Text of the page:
The chisel (chōkokutō), a carving knife used in woodcut printing, is a wood-handled, steel-bladed tool for carving into printing blocks.
Chisels take their names from their tip shapes. In general, there are four widely used kinds of chisel: the cut-out chisel (kiridashi), the flat chisel (hiratō), the U gouge (marutō or gantō), and the V gouge (sankakutō). In addition to these, there are also the double-bladed chisel (ryōba), the rounded chisel (magaritō), the registration chisel (kentōnomi), the clearing chisel (sarainomi) and other kinds of nomi chisels. The blade edge of the cut-out chisel (kiridashi)—also called the woodblock chisel (hangitō) or small chisel (kogatana)—is diagonally shaped and used for carving out profiles in drawing sections. The kiridashi was the most commonly used chisel back in the heyday of the traditional ukiyoe woodblocks. The flat chisel (hiratō), which has a flat blade edge, is distinguished from the aisuki, which has an arc-shaped blade. The blade section of each is flat. They are used to clean out the superfluous parts after carving with a kiridashi or the U gouge (marutō or gantō), or in the technique called “woodblock shading” (itabokashi), which carves shallow and diagonal cavities into the block surface. The U gouge (marutō or gantō) has a blade section that is semicircle in shape. Rounded chisels whose blade widths are especially narrow are called komasuki, whose distinguishing feature is an ability to make fine carvings. The U gouge is good for carving away the surrounding superfluous parts after carving with the kiridashi and also for carving curved profiles. In addition to these, chisels with shallow semicircles are called “shallow U gouge” (asagantō), while chisels with deep semicircles are called “deep U gouge” (fukagantō). The wide-bladed “shallow U gouge” is convenient for cleaning out superfluous sections. The V gouge chisel (sankakutō), which has a blade section shaped like the letter “V,” is used to carve sharp, straight lines. An artist can carve thick lines by digging the blade tip deeply into the block surface or carve thin lines by making superficial cuts. Moreover, the “V”-shaped blade features numerous types of interior angles, which determine the thickness of the carved lines.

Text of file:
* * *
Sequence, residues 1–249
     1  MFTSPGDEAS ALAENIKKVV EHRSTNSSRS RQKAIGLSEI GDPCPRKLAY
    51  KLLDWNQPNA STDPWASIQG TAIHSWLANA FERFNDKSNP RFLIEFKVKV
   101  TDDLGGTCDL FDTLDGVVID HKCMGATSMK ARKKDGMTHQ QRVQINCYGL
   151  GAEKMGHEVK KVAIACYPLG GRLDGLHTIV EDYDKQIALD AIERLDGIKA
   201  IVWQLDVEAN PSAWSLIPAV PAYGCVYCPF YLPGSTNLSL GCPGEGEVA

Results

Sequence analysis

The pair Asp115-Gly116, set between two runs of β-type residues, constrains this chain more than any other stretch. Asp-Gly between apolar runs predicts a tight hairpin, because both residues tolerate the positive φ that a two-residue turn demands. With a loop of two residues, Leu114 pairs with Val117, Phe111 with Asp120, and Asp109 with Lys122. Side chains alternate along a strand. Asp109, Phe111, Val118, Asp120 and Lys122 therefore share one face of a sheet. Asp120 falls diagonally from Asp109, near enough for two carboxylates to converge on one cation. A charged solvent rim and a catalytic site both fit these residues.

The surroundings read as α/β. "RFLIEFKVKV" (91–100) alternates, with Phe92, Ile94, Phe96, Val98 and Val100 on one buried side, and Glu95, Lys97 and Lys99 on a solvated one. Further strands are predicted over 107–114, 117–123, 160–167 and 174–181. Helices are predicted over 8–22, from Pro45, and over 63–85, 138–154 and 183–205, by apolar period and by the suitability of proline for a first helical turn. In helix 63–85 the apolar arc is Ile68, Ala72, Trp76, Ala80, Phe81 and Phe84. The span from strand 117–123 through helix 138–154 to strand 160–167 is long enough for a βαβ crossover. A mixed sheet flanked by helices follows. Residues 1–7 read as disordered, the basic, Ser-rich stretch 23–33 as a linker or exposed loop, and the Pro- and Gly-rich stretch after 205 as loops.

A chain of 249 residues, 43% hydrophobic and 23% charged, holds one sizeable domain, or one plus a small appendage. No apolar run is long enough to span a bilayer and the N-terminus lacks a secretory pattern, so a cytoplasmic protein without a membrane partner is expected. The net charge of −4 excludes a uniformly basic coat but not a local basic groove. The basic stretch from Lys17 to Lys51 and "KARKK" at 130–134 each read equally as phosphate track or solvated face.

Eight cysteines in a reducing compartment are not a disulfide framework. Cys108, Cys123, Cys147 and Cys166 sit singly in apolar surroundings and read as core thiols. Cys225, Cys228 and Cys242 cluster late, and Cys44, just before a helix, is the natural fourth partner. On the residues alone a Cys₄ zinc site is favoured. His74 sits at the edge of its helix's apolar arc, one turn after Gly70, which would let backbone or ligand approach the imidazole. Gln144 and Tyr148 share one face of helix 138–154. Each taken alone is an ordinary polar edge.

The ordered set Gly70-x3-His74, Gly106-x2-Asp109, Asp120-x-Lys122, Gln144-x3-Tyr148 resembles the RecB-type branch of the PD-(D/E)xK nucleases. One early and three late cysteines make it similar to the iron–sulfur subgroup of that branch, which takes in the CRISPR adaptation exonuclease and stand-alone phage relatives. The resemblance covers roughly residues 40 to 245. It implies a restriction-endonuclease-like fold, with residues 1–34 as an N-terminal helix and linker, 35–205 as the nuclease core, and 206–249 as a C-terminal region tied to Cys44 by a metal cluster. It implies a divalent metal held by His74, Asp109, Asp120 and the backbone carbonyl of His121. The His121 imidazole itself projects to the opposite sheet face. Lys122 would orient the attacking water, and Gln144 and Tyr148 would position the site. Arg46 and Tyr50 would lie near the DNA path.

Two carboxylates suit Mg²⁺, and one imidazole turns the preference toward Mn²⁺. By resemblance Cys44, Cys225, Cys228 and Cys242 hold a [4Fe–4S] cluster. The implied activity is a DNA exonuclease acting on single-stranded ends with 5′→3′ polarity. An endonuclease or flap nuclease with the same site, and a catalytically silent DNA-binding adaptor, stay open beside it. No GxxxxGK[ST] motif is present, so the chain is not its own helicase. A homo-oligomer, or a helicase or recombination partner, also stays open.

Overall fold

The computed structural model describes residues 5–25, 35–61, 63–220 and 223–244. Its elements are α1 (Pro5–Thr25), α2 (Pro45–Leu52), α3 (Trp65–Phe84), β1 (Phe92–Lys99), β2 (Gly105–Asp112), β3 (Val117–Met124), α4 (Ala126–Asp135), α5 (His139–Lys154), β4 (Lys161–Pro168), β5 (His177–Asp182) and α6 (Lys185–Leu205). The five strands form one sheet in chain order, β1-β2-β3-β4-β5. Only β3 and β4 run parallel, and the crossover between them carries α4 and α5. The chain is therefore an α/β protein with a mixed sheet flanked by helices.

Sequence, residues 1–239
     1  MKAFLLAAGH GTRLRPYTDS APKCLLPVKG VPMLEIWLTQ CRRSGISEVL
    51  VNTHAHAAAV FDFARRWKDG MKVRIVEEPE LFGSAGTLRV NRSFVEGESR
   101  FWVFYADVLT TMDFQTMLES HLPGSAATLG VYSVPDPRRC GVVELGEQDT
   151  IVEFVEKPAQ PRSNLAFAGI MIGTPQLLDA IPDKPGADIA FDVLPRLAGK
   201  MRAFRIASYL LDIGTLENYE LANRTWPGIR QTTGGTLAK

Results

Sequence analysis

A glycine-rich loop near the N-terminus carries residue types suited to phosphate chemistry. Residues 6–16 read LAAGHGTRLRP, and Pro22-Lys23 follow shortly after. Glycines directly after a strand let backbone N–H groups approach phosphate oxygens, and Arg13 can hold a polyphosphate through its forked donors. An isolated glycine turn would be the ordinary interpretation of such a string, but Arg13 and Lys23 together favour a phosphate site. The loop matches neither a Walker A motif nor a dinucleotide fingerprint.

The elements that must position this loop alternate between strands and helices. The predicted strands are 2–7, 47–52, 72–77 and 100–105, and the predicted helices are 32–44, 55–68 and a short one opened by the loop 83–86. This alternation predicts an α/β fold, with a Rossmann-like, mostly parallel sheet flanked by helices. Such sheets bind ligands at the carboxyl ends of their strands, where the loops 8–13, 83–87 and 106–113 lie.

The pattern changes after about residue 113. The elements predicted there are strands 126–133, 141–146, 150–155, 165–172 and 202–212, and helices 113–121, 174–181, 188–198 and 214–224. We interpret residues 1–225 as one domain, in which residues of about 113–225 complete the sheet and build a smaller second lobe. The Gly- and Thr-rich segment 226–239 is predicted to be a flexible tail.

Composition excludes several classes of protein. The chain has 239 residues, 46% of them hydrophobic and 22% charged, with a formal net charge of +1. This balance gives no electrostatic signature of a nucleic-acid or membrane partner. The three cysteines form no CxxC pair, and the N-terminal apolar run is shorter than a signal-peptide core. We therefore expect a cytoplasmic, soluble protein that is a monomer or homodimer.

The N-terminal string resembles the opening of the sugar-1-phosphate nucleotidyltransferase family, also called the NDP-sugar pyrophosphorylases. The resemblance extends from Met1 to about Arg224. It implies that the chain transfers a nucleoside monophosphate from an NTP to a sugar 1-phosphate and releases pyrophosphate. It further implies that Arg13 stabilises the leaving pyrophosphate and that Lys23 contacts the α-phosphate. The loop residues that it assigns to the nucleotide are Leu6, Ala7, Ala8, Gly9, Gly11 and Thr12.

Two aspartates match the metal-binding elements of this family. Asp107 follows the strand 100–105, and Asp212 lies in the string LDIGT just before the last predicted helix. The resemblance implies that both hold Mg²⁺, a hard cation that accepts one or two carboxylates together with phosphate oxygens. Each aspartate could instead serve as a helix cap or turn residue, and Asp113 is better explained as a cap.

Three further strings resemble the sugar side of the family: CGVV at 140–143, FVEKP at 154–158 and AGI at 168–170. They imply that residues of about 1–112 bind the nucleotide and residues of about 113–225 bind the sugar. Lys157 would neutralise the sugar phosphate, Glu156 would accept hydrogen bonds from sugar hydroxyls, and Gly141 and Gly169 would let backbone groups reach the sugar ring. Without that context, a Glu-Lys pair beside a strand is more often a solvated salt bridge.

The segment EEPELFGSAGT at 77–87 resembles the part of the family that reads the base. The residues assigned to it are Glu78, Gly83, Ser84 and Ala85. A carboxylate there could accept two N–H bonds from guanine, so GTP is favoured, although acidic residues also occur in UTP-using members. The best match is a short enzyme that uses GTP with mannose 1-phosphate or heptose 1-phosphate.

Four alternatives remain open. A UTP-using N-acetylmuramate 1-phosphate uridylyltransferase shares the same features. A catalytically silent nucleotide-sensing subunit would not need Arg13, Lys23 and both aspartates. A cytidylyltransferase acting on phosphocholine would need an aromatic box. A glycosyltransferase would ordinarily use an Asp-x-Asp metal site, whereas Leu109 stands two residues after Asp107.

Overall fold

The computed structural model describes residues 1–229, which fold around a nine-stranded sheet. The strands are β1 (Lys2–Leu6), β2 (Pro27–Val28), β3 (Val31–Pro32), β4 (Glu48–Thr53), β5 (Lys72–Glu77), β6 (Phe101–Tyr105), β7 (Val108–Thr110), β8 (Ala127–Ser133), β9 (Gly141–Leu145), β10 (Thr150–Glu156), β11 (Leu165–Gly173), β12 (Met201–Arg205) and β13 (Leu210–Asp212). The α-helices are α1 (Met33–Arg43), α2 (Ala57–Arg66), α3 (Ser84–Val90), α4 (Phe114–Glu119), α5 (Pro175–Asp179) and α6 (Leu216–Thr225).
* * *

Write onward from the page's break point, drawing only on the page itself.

Whenever you carve a block with any of the chisels, be careful to carve so that the section of the carved block form a kind of trapezoidal “flared fan” (suehirogari). Doing this prevents splintering. After using the chisel, sweep up the carved shavings, wipe the oil lightly with a waste cloth, and store the chisel in a dry environment. There are two types of chisel handles: one is called the jōshukō, which holds the blade in a long handle made of magnolia (hōnoki), and the other is called the sakurafutatsuwari, which holds the blade between two pieces of cherry tree wood and keeps it in with a metal clasp. Students also use types that have protective rubber-made handles, which are also currently sold on the market. The blade section of the chisel comprises two metals: iron (jigane) and steel (hagane); when the blade-tip is chipped or the cut becomes dull, it is advisable to sharpen the blade with a grindstone before using. Chisels are available for purchase at knife shops or art supply stores that carry block print materials.
- Chisels (close-ups) and cross-sections of chiseled plates
- How to hold a chiselWith a short handle
- With a long handle
- Types of chisel handles
- Examples of different chiseling stylesWoodblock chisel (cut-out chisel)
- V gouge